Date: 30 March 2009
A lot of sweat and metal has gone into the Manawatu Gorge track over recent months, with plenty more to come. But some mountain bikers are tearing up the track as Department of Conservation staff labour to upgrade it.
In total, four hundred and sixty cubic metres of metal will be carted and spread along the popular 10 kilometre walking track before spring, in a bid to upgrade it to a more accessible, user friendly “walking” standard. “We are trying to make the track more appealing for city people, so it is easier for them to get a taste of the bush” says DOC ranger Lyall Goggin. “But a few mountain bikes have done a considerable amount of damage, so that we have to spend a lot of time repairing parts of the track we have already upgraded”.
Carting metal along the Manawatu
The metal is flown in to dump-sites spaced along the track. It takes one day to fly in seventy cubic metres, which is then carted along the track in a power barrow and wheelbarrows, spread and compacted. Geo-textile mat is laid underneath the metal to provide a barrier between the metal and the dirt. This allows water passage, but prevents the metal from sinking into the dirt. Mr Goggin arrived at the track near Upper Gorge Bridge to continue spreading metal, and was frustrated to find significant damage caused by skidding mountain bikes. “I could see tyre tracks and patches of bare cloth as I walked up the track,” says Mr Goggin. Cyclists are skidding around corners of the track, throwing metal off the track and exposing the geo-textile cloth underneath. “Instead of carrying on with work further up the track, the holes had to be refilled and compacted again,” explains Mr Goggin.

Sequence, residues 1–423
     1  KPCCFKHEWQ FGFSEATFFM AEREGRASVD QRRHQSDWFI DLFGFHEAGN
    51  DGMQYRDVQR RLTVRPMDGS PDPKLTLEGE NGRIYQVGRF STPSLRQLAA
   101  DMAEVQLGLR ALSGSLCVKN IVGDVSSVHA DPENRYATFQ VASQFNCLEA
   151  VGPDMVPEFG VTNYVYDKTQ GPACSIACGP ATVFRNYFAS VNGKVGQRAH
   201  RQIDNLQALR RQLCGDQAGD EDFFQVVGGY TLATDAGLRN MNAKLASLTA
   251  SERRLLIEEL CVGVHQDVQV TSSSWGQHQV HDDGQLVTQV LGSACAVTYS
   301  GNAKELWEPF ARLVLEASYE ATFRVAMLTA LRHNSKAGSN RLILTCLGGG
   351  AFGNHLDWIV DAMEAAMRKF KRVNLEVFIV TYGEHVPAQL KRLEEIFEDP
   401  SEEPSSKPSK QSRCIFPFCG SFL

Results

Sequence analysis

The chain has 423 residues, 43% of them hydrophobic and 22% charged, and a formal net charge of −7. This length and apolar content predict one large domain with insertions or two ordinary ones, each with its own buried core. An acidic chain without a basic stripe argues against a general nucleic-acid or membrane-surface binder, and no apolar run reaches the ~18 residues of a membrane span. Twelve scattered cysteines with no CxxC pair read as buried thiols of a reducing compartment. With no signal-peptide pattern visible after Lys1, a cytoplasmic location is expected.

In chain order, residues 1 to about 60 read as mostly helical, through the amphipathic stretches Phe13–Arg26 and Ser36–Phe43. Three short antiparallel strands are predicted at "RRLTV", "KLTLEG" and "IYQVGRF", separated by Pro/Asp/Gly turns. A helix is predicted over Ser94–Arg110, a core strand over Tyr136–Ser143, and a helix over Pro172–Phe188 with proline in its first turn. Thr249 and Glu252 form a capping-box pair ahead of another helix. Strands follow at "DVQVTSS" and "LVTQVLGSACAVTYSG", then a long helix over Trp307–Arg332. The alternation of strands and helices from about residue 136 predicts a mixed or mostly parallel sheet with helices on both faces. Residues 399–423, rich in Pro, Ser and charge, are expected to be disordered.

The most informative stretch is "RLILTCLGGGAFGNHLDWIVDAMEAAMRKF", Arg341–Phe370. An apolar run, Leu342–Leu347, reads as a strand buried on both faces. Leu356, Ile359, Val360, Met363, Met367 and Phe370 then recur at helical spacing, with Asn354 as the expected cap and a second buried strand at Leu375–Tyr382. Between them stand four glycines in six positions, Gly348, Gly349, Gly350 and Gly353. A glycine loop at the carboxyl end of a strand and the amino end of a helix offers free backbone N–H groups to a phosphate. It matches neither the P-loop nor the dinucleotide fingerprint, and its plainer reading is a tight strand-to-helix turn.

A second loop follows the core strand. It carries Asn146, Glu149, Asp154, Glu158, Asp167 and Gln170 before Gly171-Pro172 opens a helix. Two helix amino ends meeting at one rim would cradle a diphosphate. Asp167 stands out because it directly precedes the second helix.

Metal is yet to be spread on four and a half of the ten kilometres of track. The project is scheduled to be finished by June, but progress is slowed because staff have to spend their time repairing the damage caused by mountain bikes. It is not yet known if there is similar damage in other parts of the track. “I’m not looking forward to seeing the rest of the track” says Mr Goggin.
The track upgrade is part of a ten year project to protect and enhance the biodiversity and recreation opportunities in the Manawatu Gorge. The track is used by an average of 1200 people each month. Being only 15 kilometres away from Palmerston North, it is a great opportunity for people to explore the tranquillity and beauty of unique landscape and native bush. Mountain bikes are not permitted on the Manawatu Gorge track for two reasons; they cause extensive damage to the track and they pose a significant risk to other track users. Signs to this effect will be posted at the track entrances.
Department of Conservation area manager Jason Roxburgh urges track users to give mountain bikers a friendly reminder that the Manawatu Gorge track is a walking track only. “We want people to get out there and enjoy our natural heritage and the recreation opportunities” says Mr Roxburgh. He encourages people to use the places designed and managed for mountain biking. “Takapari Road on the western side of the Ruahine Ranges takes you up to the tussock tops, and Palmerston North City Council maintain excellent biking tracks up the Kahutarawa Valley”.